LONDON, ENGLAND, UNITED KINGDOM (SEPTEMBER 27, 213) (REUTERS) - London has been hosting Britain's first ever halal food festival, showcasing a wide variety of foods that have been followed from farm to fork.
More than 100 exhibitors have been taking part in the three-day event, which began on Friday (September 27) at the Excel centre.
Halal hot dogs, sushi, sausages, organic meat, burgers and non-alcoholic champagnes are just some of the products on display, all of which have been made in accordance with Islamic law.
Other exhibitors showcased hummus, pancakes, falafel and sweets made out of non-pork gelatine
The festival's founder, Imran Kauser, said he came up with the idea after struggling to find halal products at more mainstream food events.
"The idea of the festival came from a personal desire. As a Londoner I love trying so many different food festivals but I am always very conscious about the limitations placed on me because of my dietary restrictions. I really thought to myself, wouldn't it be great if there was a halal food festival where I can go around, try things from every exhibitor, I don't have to worry about what I am eating and that was the start of the idea," he said.
The halal slaughter process has seen a backlash from animal rights campaigners.
Usually an animal is stunned before slaughter, but that doesn't always happen in the halal slaughter method. Rather, the animal's throat is slit whilst a special Islamic prayer is said.
But after recent scares in the mainstream food market where beef was being substituted with horse meat, some people now opt for halal much as they might choose free range or organic meat.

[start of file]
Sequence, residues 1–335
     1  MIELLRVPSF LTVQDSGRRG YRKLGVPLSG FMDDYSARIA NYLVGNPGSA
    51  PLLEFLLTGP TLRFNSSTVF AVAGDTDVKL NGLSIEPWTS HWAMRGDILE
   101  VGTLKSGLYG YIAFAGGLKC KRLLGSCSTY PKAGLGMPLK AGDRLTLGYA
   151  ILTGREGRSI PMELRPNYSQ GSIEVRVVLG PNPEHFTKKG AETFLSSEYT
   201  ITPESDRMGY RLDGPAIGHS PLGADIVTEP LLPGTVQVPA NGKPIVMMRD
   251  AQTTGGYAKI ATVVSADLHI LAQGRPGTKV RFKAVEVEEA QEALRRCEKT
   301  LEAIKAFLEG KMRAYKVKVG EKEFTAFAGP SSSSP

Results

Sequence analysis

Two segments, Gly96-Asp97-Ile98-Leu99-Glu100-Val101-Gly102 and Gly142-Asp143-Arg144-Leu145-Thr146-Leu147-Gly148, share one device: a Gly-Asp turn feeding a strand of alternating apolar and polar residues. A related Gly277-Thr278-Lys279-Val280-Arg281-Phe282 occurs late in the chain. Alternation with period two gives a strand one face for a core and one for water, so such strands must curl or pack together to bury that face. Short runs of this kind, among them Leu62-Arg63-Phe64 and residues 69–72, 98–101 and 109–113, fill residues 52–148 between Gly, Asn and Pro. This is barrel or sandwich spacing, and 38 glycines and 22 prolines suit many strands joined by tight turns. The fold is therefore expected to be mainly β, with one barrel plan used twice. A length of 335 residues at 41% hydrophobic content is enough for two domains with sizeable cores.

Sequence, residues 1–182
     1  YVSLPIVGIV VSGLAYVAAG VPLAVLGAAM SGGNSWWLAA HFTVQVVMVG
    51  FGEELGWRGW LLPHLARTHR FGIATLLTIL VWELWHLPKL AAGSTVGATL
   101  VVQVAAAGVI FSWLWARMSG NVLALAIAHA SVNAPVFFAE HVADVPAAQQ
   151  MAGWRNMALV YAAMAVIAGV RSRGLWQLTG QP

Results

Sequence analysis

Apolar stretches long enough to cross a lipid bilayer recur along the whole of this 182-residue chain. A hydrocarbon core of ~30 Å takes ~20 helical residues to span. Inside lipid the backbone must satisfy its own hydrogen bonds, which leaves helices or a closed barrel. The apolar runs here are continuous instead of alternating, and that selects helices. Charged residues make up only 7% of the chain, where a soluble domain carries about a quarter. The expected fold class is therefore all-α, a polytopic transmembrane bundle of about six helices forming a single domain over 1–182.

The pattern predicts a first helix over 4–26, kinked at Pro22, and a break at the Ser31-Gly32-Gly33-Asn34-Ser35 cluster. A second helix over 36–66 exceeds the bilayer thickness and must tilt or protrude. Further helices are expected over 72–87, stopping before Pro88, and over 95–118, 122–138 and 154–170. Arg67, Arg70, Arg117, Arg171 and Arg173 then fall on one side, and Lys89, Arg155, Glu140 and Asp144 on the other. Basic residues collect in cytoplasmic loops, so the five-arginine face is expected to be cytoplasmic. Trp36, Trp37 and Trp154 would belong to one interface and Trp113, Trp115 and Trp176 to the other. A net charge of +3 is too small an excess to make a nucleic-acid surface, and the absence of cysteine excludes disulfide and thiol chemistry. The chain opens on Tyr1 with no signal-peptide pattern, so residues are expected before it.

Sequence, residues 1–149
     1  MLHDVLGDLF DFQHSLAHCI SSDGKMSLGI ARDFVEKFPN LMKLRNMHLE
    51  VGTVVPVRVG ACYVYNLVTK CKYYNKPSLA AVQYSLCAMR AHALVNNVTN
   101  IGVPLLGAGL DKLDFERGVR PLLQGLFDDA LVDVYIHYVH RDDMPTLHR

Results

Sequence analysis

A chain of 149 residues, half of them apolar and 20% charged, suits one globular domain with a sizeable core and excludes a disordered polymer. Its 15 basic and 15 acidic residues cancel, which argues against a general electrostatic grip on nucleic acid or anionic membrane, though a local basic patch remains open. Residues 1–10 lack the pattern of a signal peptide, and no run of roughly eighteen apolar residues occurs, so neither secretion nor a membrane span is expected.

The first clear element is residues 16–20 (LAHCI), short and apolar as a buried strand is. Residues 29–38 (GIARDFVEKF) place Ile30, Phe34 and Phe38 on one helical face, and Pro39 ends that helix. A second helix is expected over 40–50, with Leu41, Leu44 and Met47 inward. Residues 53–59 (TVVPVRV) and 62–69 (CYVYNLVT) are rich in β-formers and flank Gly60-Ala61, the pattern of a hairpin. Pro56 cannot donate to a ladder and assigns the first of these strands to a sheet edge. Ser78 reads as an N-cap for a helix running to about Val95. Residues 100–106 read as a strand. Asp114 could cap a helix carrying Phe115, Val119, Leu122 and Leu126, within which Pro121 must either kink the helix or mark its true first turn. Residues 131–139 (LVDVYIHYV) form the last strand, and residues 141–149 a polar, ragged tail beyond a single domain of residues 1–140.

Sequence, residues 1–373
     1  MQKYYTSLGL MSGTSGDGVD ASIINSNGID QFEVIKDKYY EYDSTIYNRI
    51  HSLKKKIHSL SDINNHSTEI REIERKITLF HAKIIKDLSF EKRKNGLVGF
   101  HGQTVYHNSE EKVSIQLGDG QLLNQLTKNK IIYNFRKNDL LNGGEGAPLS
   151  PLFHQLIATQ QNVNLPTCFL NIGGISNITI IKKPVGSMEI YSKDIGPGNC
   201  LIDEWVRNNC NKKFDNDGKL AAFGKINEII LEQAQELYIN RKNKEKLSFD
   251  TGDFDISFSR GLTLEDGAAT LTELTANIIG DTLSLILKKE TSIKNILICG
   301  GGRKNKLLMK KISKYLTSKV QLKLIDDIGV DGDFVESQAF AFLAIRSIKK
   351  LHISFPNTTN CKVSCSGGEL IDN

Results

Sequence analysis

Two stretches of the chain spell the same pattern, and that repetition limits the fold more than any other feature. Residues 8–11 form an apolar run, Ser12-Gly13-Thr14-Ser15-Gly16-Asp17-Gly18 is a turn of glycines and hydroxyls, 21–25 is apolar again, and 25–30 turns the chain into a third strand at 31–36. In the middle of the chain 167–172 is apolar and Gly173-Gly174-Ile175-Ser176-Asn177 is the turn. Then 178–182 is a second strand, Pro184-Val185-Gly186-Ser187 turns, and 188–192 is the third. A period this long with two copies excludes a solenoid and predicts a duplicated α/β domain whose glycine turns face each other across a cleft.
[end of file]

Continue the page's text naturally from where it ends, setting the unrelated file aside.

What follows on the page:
"Well, the increase in demand, obviously there's been a great rise, obviously, in the Muslim population in this country and therefore there has been an increase in the consumption of halal produce and this is not just about meat, we're talking about other related products going into sort of like sausages, burgers," he said.
There are nearly three million Muslims in Britain, making up just under five percent of the country's population.
But it's not only Muslims who are helping boost the £420 billion industry.
"What I've seen throughout my own client base is that we see a lot of European, non-Muslims also shopping in our store and I am sure they're probably maybe shopping in other stores as well, and that's also could be an indicative to the fact that they're realising that halal meat is in fact much more sort of better in terms of its cleanliness," Chawdry added.
Some of the big supermarkets and restaurant chains in London are keen to tap into the industry's potential profits.
At the moment the big brand businesses target areas with large Muslim populations.
But the halal food festival may go some way towards pushing halal even more into the mainstream.
And with more than 20,000 foodies, or 'haloodies', expected to visit the exhibition, some of those will be the big brands sniffing out just how big halal food could become in Britain.
The exhibition's organisers say they plan to make the festival an annual event in the hope of introducing more and more people to halal produce.